A couple of weeks back, when Barack Obama officially accepted the nomination of the Democratic Party before 80,000 screaming fans on a stage meant to look like a Greek temple of democracy, he spoke on the anniversary of the Reverend Martin Luther King, Jr.’s 1963 "I Have a Dream" speech — delivered 45 years ago on the steps of the Abraham Lincoln Memorial, an American temple of democracy. Much has been made of that coincidence, generally along the lines of "a dream fulfilled." And yet, the subtle religiosity of Obama’s speech reveals a dream diluted, Martin Luther King, Jr.’s vision of liberation for all repackaged in the terms of a less ambitious hope, that of the "Social Gospel." "The fundamental belief," as Obama said, citing the Book of Genesis, "that I am my brother’s keeper, I am my sister’s keeper."
King was a prophet; Obama says he’s a pragmatist. King’s vision emerged from a social movement — a grass roots, bottom up approach to power, freedom, and even love. The Social Gospel view of reform — think soup kitchens and social work — was that of an early 20th century intellectual elite, its agenda built on traditionally liberal convictions about order, health, and "responsibility," a word Obama has repeatedly invoked to signal to white people that he thinks black people ought to try a little harder. King drew on the Social Gospel and radically expanded it. Obama has taken King’s vision and trimmed it back to Social Gospel size, offering a faith-inflected politics of incremental social reforms for a religiously conservative nation in a neoliberal age.
Obama began this campaign with the "audacity of hope," a concept descended from King via the liberationist preacher Jeremiah Wright — disinvited at the last minute from Obama’s 2007 announcement of his candidacy, nowhere to be seen in Denver. Last Thursday, Obama made history not by introducing liberationist ideas into American politics, as readers of Obama’s 2006 campaign book "Audacity of Hope" might have, well, hoped, but by reviving the Social Gospel’s cautious optimism.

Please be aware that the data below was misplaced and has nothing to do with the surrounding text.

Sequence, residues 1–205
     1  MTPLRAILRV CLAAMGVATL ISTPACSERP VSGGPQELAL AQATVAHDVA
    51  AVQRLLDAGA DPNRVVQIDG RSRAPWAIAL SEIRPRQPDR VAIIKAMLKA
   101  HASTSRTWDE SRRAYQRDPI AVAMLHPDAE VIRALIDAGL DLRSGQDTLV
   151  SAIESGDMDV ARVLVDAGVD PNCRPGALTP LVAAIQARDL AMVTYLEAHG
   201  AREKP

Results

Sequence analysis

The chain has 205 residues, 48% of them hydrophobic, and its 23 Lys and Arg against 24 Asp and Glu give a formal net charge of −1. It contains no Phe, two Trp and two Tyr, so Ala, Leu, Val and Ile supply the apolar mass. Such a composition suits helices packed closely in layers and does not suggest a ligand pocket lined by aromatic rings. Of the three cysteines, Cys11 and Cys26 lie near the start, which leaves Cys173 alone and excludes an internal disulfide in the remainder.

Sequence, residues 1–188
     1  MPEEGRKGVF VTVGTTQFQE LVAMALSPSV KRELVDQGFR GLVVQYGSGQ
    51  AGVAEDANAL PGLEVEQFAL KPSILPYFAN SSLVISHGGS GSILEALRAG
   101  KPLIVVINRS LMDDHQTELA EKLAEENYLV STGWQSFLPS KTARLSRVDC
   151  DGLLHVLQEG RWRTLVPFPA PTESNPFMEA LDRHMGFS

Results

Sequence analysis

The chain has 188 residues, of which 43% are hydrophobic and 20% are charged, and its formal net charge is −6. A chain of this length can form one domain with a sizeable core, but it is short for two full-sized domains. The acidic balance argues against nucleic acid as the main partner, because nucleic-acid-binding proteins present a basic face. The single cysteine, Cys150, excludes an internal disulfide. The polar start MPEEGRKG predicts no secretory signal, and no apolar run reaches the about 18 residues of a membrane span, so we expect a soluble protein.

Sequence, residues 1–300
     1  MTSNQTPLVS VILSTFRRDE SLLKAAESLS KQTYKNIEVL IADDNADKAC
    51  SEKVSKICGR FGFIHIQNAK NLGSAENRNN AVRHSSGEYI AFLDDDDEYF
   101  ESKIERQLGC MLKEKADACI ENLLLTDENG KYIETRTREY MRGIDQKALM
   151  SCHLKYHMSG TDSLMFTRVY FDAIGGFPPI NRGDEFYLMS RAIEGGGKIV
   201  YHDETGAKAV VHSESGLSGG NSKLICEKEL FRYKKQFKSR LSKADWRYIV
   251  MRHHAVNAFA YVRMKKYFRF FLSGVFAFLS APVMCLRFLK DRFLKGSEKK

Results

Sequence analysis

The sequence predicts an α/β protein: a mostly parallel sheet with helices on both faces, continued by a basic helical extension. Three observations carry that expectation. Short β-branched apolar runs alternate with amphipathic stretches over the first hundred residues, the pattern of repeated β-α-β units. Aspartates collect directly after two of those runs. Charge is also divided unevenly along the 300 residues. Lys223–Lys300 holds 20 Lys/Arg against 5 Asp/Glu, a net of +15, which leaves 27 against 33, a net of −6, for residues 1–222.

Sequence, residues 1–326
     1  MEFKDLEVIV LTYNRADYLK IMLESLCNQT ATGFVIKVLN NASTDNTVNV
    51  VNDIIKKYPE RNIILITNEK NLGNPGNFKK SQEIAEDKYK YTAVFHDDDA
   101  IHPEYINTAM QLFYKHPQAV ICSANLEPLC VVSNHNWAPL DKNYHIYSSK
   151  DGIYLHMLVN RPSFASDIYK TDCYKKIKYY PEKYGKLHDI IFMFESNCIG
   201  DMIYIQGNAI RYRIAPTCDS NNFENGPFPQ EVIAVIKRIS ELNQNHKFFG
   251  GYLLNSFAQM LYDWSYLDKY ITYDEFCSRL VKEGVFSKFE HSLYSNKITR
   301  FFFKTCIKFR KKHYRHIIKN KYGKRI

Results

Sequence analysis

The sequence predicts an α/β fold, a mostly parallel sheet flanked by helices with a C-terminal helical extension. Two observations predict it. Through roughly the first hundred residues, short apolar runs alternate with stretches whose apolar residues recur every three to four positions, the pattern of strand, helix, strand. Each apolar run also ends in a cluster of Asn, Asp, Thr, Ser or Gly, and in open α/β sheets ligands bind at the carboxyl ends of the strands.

That’s no small feat in a country where "liberalism" is considered next to "socialism," the devil’s own doctrine. But it’s quite a bit smaller than what Obama set out to do. Obama wanted to transform politics. Instead, he has resurrected liberal politics. He’s done so in large part by calling on Christianity as a compromise between business conservatism and secular liberalism. Conservatism, as Obama points out, preaches an "ownership society" — as in, "you’re on your own." Secular liberalism, on the other hand, is the doctrine of the modern welfare state — "we’ll take care of you." In return, you’ll vote early and vote often, as the Chicago political machine used to say.
The "post-partisan" political faith Obama has come to embrace offers more help than conservatism but fewer guarantees than secular liberalism. It doesn’t demand political loyalty, it asks for earnest acclamation. To conservatism’s business elite and secular liberalism’s political elite, it responds with yet another ruling class: a "responsible" elite.
There’s an element of the superhero sensibility in Obama’s Social Gospel politics, a perspective that sees the poor as damsels in distress or children in burning buildings, awaiting rescue by the best and the brightest: Jane Addams, the early 20th century reformer who ministered to the slums of Chicago; Josiah Strong, founder of the League of Social Services; Charles Sheldon, author of the 1896 novel In His Steps: What Would Jesus Do?; and now Barack Obama, who long ago left community organizing for Harvard Law, there to join America’s anointed, meritocrats who rule because they’re better at it than you.